Minnesota doesn't really have any mountains, which was one of the worst parts of my "forced" move here. But, the state does have some good hiking, and also has some hills big enough to be "real" terrain features. Fortunately, one of those hills happens to be the highest point in the state, Eagle Mountain. Although just the 37th highest state highpoint, a club that shall remain nameless, but does keep track of such things, rates Eagle as the 19th most challenging highpoint. In fact, Eagle seems to be the lowest state highpoint that requires what one could actually call a "real" hike. After finding out that the hike is interesting, I had it in the back of my mind to give it a shot during my limited stay in the state.
Eagle is located in Cook County (the tip of the "arrowhead" of Minnesota), about 15 air miles northwest of Grand Marais. Interestingly enough, the lowest "point" in the state is the shoreline of Lake Superior, part of which forms the southern border of Cook County. For such a large state, the highest and lowest points are quite close together!
Our 10-week per term course schedule at my "independent and highly selective liberal arts college" makes it challenging to take a weekend off (for both students and faculty). But, after getting into the swing of things, I made plans for this weekend. My Friday class ends at 3:20pm, so I planned to hurry home as soon as possible, throw everything in the car, and drive up to Duluth where Motel 6 was leaving the light on for me. The extended weather forecasts were looking great, and I knew I would be catching the tail end of the peak of leaf season. I had to drive through/around the Twin Cities metro area during Friday rush, which was execrable, and traffic was still moderately heavy most of the way to Duluth. It had also just rained that evening, which was not in the original long-term forecasts; fortunately, that was clearing out rapidly for Saturday.
It was after 8pm by the time I reached the motel, so I didn't have time to sample any of the delights of Duluth (ha, ha). I also didn't sleep very well due in part to a lot of noise from the room above me; probably kids. (Note to self: make a bigger effort to get upper floor rooms in motels in touristy areas.) So, with breakfast thrown into the mix, I didn't get out of Duluth until after 8:30am, and also stopped for gas on the drive, which lost a little more time.
The drive is along state highway 61, which parallels the Lake Superior shoreline, with many nice views of the lake. There was a lot of nice fall color along the road. When I got into Cook County, I made a special note to look for likely spots where I could get down to shoreline later in the day. I don't have much experience with large bodies of water and what struck me about Superior was that in the calm conditions the perfectly flat water horizon looked apocryphal. (Lake Superior would be my 3rd state lowpoint, having touched the ocean in Washington and Florida. Alas, touching the ocean in California doesn't count.)
The "standard" driving route has you going all the way to Grand Marais and approaching the Eagle Mountain Trailhead from the east. But, a quicker way, still with excellent roads, is to leave the North Shore on the east side of Lutsen and turn left onto highway 4, the Caribou Trail. It is initially paved, then turns to good dirt after a while. Follow this road for just over 17 miles until it dead ends at a "T" junction and take a right onto "The Grade". I don't remember seeing any signs for Eagle Mountain until that point. Just over 3.5 miles later, at a road junction, the parking lot is immediately on the left. I read some reports that suggested significant road construction on the Caribou Trail, but it seemed to be in tip-top condition. (Speaking of roads, if you don't happen to make it to a ranger station to get a good map of the backroads in this area, check out the precinct maps at the Cook County website.) Even though the leaves are in great color, traffic wasn't really anything to write home about; maybe I'm just jaded from traffic jams getting home to Boulder from the Colorado mountains on a weekend afternoon.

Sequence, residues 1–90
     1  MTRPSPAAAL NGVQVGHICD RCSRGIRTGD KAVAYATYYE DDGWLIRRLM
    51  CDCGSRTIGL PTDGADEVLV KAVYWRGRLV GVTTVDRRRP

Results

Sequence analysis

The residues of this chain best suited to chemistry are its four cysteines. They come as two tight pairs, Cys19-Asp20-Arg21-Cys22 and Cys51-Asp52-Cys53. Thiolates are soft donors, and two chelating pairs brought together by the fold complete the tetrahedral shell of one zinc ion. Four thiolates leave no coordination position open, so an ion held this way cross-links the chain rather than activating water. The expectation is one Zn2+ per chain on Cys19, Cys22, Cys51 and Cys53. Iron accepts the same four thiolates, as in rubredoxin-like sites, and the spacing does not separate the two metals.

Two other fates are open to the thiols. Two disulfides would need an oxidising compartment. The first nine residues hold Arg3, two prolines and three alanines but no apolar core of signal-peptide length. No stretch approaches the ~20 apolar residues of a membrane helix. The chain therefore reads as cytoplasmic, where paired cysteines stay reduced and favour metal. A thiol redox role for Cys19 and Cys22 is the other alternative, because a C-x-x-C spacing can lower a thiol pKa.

It was a very scenic drive at this time of year, and the weather was perfect, but it took 2 hours from Duluth. I was about the 8th car or so at a little after 10:30am. Hardly an alpine arrival, but hardly an alpine hike either, and Mother Nature delivered with temperatures in the 50s and a light breeze under sunny skies. Not too long into the hike, you enter the Boundary Waters Canoe Area Wilderness (BWCAW), and you are required to fill out a permit form at the trailhead. In theory, if you were stopped by a ranger and did not have your copy of the permit, you could be fined.
The first 2.5 miles of the hike gets you to Whale Lake, the major landmark on the route. Many areas along the route are boggy, but there are boardwalks in the appropriate areas. With the previous day's rain, the trail was damp with a few muddy spots, but the overall water level is low this late in the year. The trail is somewhat rocky and rooty, especially near the Wilderness boundary, but it is also pretty flat. I had my low-topped Gore-Tex boots in case it was wet, but could have done the hike in running shoes. I was surprised that all of the fall color was being provided by aspen trees, which was a bit of a disappointment because I was hoping for something different than all of my previous autumns in Colorado and Wyoming. Some of the trees had shed a lot of leaves already, too. But, it was still pretty.